According to a new forecast from International Data Corporation, shipments of artificial intelligence personal computers — PCs with specific system-on-a-chip (SoC) capabilities designed to run generative AI tasks locally – will grow from nearly 50 million units in 2024 to more than 167 million in 2027. By the end of the forecast, IDC expects AI PCs will represent nearly 60% of all PC shipments worldwide.
“As we enter a new year, the hype around generative AI has reached a fever pitch, and the PC industry is running fast to capitalize on the expected benefits of bringing AI capabilities down from the cloud to the client,” Tom Mainelli, group vice president of devices and consumer research at IDC, said. “Promises around enhanced user productivity via faster performance, plus lower inferencing costs and the benefit of on-device privacy and security, have driven strong IT decision-maker interest in AI PCs. In 2024, we’ll see AI PC shipments begin to ramp, and over the next few years, we expect the technology to move from niche to a majority.”
Until recently, running an AI task locally on a PC was done on the central processing unit (CPU), the graphics processing unit (GPU), or a combination of the two. However, this can have a negative impact on a PC’s performance and battery life because such chips are not optimized to run AI efficiently, according to IDC. PC silicon vendors have now introduced AI-specific silicon to their SoCs called neural processing units (NPUs) that run these tasks more efficiently.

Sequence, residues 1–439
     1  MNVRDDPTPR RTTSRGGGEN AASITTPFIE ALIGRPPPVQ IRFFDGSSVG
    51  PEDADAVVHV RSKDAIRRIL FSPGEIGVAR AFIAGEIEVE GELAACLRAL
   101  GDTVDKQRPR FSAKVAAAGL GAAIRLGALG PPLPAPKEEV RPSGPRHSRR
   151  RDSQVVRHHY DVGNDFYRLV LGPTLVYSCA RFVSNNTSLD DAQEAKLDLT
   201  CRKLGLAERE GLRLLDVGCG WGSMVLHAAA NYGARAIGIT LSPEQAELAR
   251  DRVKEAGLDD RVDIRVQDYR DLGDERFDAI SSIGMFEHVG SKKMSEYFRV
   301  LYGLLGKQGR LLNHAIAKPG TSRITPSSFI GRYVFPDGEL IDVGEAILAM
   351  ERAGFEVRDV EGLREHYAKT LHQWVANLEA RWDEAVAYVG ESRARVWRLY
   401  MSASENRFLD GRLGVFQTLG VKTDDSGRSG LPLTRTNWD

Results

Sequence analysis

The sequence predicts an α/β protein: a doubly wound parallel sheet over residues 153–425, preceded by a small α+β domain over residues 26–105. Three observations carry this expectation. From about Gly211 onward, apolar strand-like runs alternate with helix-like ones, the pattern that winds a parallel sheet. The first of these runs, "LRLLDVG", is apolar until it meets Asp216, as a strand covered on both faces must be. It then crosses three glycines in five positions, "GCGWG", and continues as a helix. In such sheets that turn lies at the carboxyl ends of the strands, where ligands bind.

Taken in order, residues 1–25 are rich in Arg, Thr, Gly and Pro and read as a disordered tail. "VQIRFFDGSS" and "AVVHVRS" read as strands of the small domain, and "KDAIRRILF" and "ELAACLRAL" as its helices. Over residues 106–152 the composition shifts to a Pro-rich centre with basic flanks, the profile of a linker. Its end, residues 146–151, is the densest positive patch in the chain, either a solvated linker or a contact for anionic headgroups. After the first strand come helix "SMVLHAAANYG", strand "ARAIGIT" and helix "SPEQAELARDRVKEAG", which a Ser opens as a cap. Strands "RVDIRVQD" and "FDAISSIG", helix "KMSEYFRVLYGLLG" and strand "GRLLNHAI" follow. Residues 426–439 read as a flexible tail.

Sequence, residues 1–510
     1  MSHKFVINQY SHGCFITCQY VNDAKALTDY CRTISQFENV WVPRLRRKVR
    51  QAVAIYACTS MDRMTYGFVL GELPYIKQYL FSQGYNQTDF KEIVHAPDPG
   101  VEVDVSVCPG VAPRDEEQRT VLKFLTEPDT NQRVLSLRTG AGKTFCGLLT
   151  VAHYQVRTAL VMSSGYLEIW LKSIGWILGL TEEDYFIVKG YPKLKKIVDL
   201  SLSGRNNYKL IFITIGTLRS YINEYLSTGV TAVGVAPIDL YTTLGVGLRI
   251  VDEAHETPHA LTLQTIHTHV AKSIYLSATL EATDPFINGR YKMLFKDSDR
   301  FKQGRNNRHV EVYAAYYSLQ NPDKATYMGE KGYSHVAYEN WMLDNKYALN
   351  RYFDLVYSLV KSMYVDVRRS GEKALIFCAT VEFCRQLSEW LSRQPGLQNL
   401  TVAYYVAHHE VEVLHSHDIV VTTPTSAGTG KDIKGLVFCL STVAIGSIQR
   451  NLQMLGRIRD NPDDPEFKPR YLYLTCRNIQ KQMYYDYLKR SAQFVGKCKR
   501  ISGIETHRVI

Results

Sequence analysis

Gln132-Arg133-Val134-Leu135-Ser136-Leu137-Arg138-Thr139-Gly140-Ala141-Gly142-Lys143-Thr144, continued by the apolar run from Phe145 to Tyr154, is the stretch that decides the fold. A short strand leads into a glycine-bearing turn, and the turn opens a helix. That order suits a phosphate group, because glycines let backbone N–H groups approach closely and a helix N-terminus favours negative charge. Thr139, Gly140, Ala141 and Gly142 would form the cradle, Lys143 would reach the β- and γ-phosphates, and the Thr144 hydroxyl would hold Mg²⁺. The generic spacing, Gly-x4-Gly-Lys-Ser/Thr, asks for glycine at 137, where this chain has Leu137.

To date, IDC has identified three types of NPU-enabled AI PCs:
While shipments of hardware-enabled AI PCs will ramp up quickly over the next two years, next-generation AI PCs are forecast to dominate the market by the end of the forecast. IDC believes shipments of next-generation AI PCs will be double that of hardware-enabled AI PCs by 2027. Many of these AI PCs will be sold to commercial buyers, but consumers will have much to look forward to in the coming AI PC age, including potential improvements in PC gaming and digital content creation.
There are three primary technical reasons to bring AI workloads from the cloud to the client: to enhance performance by eliminating the round trip that current AI workloads must make to the cloud and back over the network; to enhance privacy and security by keeping data on the device versus in motion; and to lower the cost by limiting the need to access costly cloud resources.
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